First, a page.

October 19, 2007
By Susan Benson
Director of Education
Cable Natural History Museum
We continue our march toward winter! One sure sign is that when we step outside mornings and evenings, we can see our warm, moist breath condense in the chilly, drier air.
The same thing happens as plants and the ground itself “exhales” at night. All air contains moisture, which is called water vapor. The moisture in the air close to the ground comes from the soil and the plants; when this air cools at night, the moisture condenses to form water droplets on the grass and plants—what we call dew. When the temperature falls below freezing point, the moisture in the air freezes into ice crystals and settles on grass and plants—this is frost. Unlike dew, frost damages plants because the water inside the cells of a plant freezes and breaks the cells’ walls, resulting in the death of the affected part of that plant.
This cool fall air is still full of birds; many songbirds have already left the region, but you can still see ducks, Canada geese, woodcock, and snipe on the move, migrating south. Start watching for winter visitors arriving from Canada, like the dark-eyed junco and white-throated sparrow.
Another unmistakeable bird you might chance to see this fall is a wild turkey. The largest game bird in North America, turkeys were historically abundant in central and southern Wisconsin, and provided an important food source for Native Americans and early settlers. Wild turkeys were nearly eradicated from the state, but a successful reintroduction program begun in 1976 has led to healthy populations found throughout the southern two-thirds of Wisconsin.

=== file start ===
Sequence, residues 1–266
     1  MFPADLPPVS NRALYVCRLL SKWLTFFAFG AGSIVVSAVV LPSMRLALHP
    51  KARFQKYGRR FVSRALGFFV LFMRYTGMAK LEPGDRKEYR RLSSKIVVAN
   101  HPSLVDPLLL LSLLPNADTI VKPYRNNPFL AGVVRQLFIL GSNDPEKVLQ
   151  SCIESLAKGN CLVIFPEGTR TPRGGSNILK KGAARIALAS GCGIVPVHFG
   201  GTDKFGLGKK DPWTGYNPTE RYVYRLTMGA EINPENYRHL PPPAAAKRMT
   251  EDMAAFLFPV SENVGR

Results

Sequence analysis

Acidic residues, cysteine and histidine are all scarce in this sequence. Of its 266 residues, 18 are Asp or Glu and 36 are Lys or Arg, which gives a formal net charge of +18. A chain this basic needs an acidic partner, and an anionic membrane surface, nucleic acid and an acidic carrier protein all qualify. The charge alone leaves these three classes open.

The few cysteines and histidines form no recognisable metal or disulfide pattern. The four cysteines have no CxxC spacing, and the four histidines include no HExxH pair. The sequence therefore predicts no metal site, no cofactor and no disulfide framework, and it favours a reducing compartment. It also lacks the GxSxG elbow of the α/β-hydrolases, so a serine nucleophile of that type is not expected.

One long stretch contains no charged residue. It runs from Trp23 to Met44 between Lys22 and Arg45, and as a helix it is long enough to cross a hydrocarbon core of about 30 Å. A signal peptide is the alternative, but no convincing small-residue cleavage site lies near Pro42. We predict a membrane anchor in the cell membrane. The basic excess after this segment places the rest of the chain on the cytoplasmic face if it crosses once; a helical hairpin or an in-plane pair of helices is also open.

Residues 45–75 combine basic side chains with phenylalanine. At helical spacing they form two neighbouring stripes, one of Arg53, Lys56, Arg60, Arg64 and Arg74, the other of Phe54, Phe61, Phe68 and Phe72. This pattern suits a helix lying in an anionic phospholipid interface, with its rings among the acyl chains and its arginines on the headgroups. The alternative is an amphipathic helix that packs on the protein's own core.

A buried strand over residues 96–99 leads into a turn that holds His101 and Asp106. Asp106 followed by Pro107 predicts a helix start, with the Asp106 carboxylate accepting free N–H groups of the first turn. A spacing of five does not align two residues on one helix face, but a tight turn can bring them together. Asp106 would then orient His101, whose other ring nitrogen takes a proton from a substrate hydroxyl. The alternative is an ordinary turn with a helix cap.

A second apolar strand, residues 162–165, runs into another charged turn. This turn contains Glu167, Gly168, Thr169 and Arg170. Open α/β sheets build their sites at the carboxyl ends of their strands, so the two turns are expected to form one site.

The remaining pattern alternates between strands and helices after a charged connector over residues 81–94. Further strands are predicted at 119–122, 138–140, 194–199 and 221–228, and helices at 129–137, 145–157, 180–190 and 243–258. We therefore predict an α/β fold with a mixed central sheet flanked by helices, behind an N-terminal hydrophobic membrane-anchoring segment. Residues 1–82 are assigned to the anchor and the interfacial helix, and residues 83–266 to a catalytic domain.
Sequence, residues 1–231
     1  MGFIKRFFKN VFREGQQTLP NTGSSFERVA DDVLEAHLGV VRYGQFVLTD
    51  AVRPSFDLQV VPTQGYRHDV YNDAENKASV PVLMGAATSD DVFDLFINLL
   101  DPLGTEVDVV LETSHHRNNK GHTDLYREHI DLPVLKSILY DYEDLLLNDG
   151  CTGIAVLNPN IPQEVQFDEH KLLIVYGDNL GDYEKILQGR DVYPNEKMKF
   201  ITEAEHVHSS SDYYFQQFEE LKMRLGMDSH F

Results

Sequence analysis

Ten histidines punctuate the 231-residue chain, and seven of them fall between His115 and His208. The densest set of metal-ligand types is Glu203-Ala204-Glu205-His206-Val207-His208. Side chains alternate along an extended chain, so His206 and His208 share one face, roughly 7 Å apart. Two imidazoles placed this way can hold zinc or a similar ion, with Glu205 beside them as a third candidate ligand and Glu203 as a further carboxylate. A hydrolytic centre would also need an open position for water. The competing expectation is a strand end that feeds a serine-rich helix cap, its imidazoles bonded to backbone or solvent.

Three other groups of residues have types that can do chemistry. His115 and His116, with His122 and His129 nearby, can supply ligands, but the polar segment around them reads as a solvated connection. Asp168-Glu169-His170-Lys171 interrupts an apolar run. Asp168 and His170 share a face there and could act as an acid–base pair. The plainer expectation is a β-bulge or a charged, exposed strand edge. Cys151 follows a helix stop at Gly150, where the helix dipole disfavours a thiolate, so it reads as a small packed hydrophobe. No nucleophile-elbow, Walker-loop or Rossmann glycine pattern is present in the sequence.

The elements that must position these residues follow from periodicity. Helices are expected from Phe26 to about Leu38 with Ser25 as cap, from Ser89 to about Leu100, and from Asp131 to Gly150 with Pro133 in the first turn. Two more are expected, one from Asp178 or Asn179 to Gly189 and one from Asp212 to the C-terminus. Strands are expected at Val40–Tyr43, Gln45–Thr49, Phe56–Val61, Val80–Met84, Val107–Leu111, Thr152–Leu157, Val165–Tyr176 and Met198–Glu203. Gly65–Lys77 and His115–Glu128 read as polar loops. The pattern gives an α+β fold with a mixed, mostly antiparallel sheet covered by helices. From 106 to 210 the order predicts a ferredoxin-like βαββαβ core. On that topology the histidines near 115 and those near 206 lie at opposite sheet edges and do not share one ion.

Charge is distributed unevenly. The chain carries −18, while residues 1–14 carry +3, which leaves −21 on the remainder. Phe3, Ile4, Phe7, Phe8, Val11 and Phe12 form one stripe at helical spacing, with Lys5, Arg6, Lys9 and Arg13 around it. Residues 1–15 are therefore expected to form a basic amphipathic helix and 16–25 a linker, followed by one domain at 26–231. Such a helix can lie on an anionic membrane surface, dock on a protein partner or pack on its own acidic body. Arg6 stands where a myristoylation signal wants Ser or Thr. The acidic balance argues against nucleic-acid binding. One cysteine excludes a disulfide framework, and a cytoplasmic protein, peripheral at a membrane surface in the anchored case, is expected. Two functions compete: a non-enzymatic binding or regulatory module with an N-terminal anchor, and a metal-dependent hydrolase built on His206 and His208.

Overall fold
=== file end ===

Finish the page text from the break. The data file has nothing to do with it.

It was thought that turkeys would not be able to survive in the northern part of the state, because long periods of snow cover would keep them from finding food. However, during the winter of 2003-04, 164 turkeys were released onto six sites in Bayfield and Ashland Counties, and due to a combination of the hardiness of this species, plus our recent mild winters, the turkeys have thrived and expanded their population and range in our region.
Out on Lake Superior, anglers have been pulling on their insulated waders and heading out around the mouths of tributary streams and rivers, hoping to catch coho salmon. At this time of year, cohos migrate from the lake and upstream to spawn.
This popular sport fish, sometimes called a silver salmon or sea trout, is not native to the Great Lakes, but was intentionally brought here to help reduce the populations of alewives (also not native) in Great Lakes waters. By the late 1960s, coho were regularly raised in hatcheries and stocked into the Great Lakes, and now for better or worse have become part of the lakes’ ecosystem.
Become a phenologist! Jot down on a wall calendar each day you see or hear geese outside, then note the day they finally all depart. Keep track of the date of the first snowfall, or the first subzero night, then compare those notes from year to year to make your own record of winter’s arrival.
Nature Watch is brought to you by the Cable Natural History Museum. For 40 years, the Museum has served as a guide and mentor to generations of visitors and residents interested in learning to better appreciate and care for the extraordinary natural resources of the region. The Museum invites you to visit its facility in Cable at 43570 Kavanaugh Street or on the web at www.cablemuseum.org to learn more about exhibits and programs.